The US filed a lawsuit against Derichebourg Recycling USA for breaching the Clean Air Act in the Southern District of Texas on Friday, January 7th.
Derichebourg Recycling USA, according to the lawsuit, is a Texas firm that owns and runs recycling facilities in Houston, Texas and Oklahoma. The corporation is a “final processor” of small appliances and motor vehicle air conditioners in the scrap metal recycling process, as defined under the Clean Air Act.
Derichebourg allegedly failed to recover refrigerant from appliances and motor vehicle air conditioners before disposal or to check with the supplier that the refrigerant had been properly recovered prior to distribution, according to a federal complaint filed concurrently with the consent decree. Derichebourg will comply with the agreement by preventing the discharge of ozone-depleting refrigerants and non-exempt replacements from refrigerant-containing commodities during their processing and disposal. Derichebourg will also have to pay a $442,500 civil penalty.
At the time, Assistant Attorney General, Todd Kim, of the Justice Department’s Environment and Natural Resources Division said:
“To continue protecting stratospheric ozone, we need companies like Derichebourg to comply with the Clean Air Act when recycling appliances and motor vehicles containing harmful refrigerants.”
Acting Assistant Administrator, Larry Starfield, for the EPA’s Office of Enforcement and Compliance Assurance added:
“Refrigerants that are not captured properly can be damaging to the earth’s ozone layer and are known to increase greenhouse gases which leads to climate change.” Starfield continued: “Today’s settlement is a win for the communities surrounding Derichebourg’s facilities, and the environment.”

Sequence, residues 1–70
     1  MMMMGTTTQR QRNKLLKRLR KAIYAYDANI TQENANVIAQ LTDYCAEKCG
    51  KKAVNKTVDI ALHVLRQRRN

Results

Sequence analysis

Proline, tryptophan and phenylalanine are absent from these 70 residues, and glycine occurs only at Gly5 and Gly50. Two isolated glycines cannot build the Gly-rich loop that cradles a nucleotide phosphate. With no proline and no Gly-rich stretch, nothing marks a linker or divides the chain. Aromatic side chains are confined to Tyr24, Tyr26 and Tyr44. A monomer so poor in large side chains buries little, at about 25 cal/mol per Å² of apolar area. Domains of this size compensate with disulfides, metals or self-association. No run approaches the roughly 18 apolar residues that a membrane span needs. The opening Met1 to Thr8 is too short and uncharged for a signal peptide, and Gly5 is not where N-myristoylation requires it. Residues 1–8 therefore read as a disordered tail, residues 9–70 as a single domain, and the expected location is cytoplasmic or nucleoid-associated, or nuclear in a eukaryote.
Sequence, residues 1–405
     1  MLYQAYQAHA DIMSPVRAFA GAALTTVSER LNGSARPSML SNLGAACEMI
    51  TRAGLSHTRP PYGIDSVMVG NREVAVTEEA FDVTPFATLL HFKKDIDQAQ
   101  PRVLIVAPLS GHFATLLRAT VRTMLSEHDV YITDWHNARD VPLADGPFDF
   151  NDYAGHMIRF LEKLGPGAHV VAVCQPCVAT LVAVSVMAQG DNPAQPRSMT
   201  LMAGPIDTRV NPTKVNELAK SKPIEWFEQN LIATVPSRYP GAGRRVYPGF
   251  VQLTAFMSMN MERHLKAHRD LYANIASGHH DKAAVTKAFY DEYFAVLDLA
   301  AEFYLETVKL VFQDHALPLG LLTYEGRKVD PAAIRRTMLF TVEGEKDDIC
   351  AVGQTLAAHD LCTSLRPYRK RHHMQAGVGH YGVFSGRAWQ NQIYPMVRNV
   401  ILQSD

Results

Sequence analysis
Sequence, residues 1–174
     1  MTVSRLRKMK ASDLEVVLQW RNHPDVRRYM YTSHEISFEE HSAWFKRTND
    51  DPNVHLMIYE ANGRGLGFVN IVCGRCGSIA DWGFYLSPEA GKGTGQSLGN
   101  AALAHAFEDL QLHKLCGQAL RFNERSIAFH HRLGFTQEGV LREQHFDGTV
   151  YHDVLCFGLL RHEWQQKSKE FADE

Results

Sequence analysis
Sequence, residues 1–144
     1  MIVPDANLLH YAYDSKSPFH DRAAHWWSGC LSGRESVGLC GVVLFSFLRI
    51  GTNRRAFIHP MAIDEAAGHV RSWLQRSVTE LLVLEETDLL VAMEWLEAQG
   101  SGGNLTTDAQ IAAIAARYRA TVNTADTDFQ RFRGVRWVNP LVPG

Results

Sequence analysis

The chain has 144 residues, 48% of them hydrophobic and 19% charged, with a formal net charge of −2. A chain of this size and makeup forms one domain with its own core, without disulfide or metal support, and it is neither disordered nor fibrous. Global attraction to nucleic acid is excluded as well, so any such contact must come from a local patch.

Derichebourg must also implement a Refrigerant Recovery Management Program at its ten U.S. facilities, notify its suppliers that all refrigerants must be recovered properly from appliances and motor vehicle air conditioners if they are not being recovered by Derichebourg, reject any appliance or vehicle with evidence of unlawful refrigerant venting, and provide an educational handout to its customers on compliant handling of refrigerant. For the length of the consent order, Derichebourg must also perform an environmental remediation project that includes the destruction of all R-12 refrigerant collected at its 10 locations. R-12 is one of the most ozone-depleting chemicals, with a global warming potential 10,000 times larger than carbon dioxide.
The consent decree, lodged in the U.S. District Court for the Southern District of Texas, is subject to a 30-day public comment period and final court approval.
The consent decree ‘U.S. v. Derichebourg Recycling, USA, Inc.’ will be available for viewing at www.justice.gov/enrd/consent-decrees.